"There are several new exemptions from FBT. For example, employees' private use of day-to-day work tools such as cell phones and laptops will be exempt from FBT if the tool costs less than $5000 and is used primarily for business.
"The thresholds in relation to unclassified fringe benefits are being raised significantly. Overall, there should be a lot fewer minor benefits that are subject to FBT.
New migrants and returning New Zealanders
"To reduce tax barriers to the recruitment of highly skilled people to New Zealand, a four-year tax exemption on foreign income will be available to new migrants or returning New Zealanders who have been non-resident for tax purposes for at least 10 years. It will apply to people who arrive from 1 April 2006.
"A complementary change will improve the New Zealand tax treatment of new migrants and returning residents who hold interests in foreign, employment-related superannuation schemes. It will apply to people arriving in New Zealand from 1 April 2006.
"The rules on share-lending have been updated to bring them into line with the rules on other commercial transactions and with those of countries such as Australia. The changes also include a measure designed to prevent the use of share-lending for tax avoidance. The changes apply from 1 July 2006.
"Amongst the other changes introduced are new information and record-keeping requirements for New Zealand-resident trustees of foreign trusts. They come into effect on 1 October 2006.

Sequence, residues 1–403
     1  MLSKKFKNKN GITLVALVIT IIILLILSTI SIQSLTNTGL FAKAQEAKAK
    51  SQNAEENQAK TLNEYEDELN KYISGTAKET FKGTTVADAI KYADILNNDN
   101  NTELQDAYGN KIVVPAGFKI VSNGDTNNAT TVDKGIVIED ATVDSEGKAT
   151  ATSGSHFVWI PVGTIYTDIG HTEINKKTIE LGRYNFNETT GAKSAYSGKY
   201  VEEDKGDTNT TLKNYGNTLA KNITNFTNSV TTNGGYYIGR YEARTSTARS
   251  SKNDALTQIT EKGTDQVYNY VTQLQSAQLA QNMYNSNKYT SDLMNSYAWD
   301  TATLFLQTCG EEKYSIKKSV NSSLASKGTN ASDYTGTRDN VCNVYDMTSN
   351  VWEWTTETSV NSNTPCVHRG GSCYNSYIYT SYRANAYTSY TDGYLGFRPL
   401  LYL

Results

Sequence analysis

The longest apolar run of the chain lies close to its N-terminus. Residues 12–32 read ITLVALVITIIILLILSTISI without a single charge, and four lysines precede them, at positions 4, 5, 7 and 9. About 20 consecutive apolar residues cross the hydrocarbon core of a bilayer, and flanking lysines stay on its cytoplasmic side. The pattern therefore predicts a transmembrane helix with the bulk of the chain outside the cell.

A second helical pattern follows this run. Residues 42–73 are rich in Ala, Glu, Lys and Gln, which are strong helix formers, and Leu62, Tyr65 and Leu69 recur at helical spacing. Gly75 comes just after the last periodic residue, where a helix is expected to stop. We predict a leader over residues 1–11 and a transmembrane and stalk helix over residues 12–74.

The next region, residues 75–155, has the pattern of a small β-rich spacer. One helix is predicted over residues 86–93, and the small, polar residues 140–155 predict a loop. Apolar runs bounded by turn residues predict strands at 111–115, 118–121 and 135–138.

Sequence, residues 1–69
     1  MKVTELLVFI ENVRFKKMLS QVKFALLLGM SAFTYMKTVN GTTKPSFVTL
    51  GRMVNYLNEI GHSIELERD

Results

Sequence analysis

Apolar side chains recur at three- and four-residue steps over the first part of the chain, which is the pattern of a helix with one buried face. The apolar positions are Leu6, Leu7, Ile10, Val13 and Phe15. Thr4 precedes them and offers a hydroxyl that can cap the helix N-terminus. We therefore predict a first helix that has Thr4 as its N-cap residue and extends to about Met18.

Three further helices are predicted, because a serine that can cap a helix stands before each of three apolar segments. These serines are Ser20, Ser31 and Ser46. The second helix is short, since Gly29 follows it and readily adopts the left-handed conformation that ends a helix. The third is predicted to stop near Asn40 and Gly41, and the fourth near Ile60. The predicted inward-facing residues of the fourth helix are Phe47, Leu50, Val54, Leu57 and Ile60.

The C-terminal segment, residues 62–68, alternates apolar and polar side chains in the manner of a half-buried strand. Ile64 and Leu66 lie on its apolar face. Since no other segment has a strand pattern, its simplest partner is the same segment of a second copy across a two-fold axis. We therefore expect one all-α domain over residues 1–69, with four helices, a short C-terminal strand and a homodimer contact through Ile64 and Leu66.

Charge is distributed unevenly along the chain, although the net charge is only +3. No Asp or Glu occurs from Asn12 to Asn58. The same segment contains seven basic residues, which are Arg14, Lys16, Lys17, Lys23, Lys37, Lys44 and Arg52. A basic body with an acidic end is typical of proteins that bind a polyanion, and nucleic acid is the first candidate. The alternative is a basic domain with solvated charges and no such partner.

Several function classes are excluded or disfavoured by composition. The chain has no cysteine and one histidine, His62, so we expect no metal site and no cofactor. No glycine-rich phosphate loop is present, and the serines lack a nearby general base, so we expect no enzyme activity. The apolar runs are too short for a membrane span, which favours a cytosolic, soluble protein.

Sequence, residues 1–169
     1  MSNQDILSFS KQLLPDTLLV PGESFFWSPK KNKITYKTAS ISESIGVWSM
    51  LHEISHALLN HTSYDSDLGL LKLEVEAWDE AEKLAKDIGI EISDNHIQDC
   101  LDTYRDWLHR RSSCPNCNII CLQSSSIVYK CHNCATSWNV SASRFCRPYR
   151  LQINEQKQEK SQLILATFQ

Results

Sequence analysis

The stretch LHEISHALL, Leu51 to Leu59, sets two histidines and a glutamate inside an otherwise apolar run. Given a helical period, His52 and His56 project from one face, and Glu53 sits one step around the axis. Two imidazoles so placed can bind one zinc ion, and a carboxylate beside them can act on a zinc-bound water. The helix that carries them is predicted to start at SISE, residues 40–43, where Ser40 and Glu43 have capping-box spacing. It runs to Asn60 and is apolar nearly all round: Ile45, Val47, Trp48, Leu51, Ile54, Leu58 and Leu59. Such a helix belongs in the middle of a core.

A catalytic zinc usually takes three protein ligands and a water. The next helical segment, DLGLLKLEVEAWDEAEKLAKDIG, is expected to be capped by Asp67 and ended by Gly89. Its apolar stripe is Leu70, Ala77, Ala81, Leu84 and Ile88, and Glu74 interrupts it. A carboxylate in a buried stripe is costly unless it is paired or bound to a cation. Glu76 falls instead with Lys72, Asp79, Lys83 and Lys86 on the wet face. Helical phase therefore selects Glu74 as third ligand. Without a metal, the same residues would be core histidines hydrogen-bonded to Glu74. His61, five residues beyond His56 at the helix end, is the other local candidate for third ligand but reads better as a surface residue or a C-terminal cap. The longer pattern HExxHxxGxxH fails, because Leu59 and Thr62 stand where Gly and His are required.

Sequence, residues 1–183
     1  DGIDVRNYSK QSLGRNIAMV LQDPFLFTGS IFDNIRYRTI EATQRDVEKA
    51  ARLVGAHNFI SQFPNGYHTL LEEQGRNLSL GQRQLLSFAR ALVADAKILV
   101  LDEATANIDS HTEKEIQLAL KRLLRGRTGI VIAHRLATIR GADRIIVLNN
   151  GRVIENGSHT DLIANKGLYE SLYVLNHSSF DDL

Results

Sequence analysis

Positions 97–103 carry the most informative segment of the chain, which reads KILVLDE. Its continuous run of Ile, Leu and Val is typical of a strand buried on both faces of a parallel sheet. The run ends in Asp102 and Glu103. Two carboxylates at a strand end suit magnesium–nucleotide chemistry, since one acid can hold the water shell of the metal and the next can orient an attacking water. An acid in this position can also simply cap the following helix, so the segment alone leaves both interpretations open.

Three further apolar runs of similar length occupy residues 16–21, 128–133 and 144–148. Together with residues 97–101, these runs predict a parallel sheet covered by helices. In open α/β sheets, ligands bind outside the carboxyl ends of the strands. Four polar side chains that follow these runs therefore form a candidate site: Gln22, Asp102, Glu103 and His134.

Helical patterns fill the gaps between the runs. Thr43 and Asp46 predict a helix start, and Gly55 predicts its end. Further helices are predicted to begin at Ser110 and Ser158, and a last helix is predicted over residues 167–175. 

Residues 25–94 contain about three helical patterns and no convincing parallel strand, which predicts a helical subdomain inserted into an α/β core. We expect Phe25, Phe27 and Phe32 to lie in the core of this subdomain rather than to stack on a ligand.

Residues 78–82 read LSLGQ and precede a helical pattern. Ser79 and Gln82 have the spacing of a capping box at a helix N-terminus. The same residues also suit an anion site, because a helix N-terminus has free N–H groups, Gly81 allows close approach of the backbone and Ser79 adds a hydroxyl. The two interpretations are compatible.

"The tax deductibility of the re-grassing and fertilising costs associated with farm conversions has been clarified, and the changes will apply to expenditure incurred from 1 July 2004.
"Certain types of payouts from co-operatives to their members can be excluded from treatment as dividends, allowing a deduction to the co-operative. The changes remove uncertainty in the tax treatment of these payouts and apply to payments made after enactment.
"The new legislation also includes several changes designed to protect the revenue base. Changes ensuring that companies that migrate from New Zealand pay tax on worldwide income earned while resident in New Zealand will generally apply from 21 March 2005.
"Further base maintenance changes are designed to prevent avoidance of GST by using third parties to import goods, such as luxury cars, that were offshore at the time of supply. They will apply from 19 May 2005.
"Changes giving Inland Revenue greater flexibility in the application of shortfall penalties for taking an unacceptable tax position will apply from 1 April 2003.
"Finally, 1 August 2006 will be the application of racing industry tax changes that include a reduction in gaming duty for racing and accelerated write-down for bloodstock.
"These are only some of the tax changes to emerge from this massive taxation bill. They will become law once the new legislation has received Royal assent, which is expected to occur within a few days' time," Mr Dunne said.
Contact: Ainslie Fenwick, Tax Advisor, Tel: 04-471 9728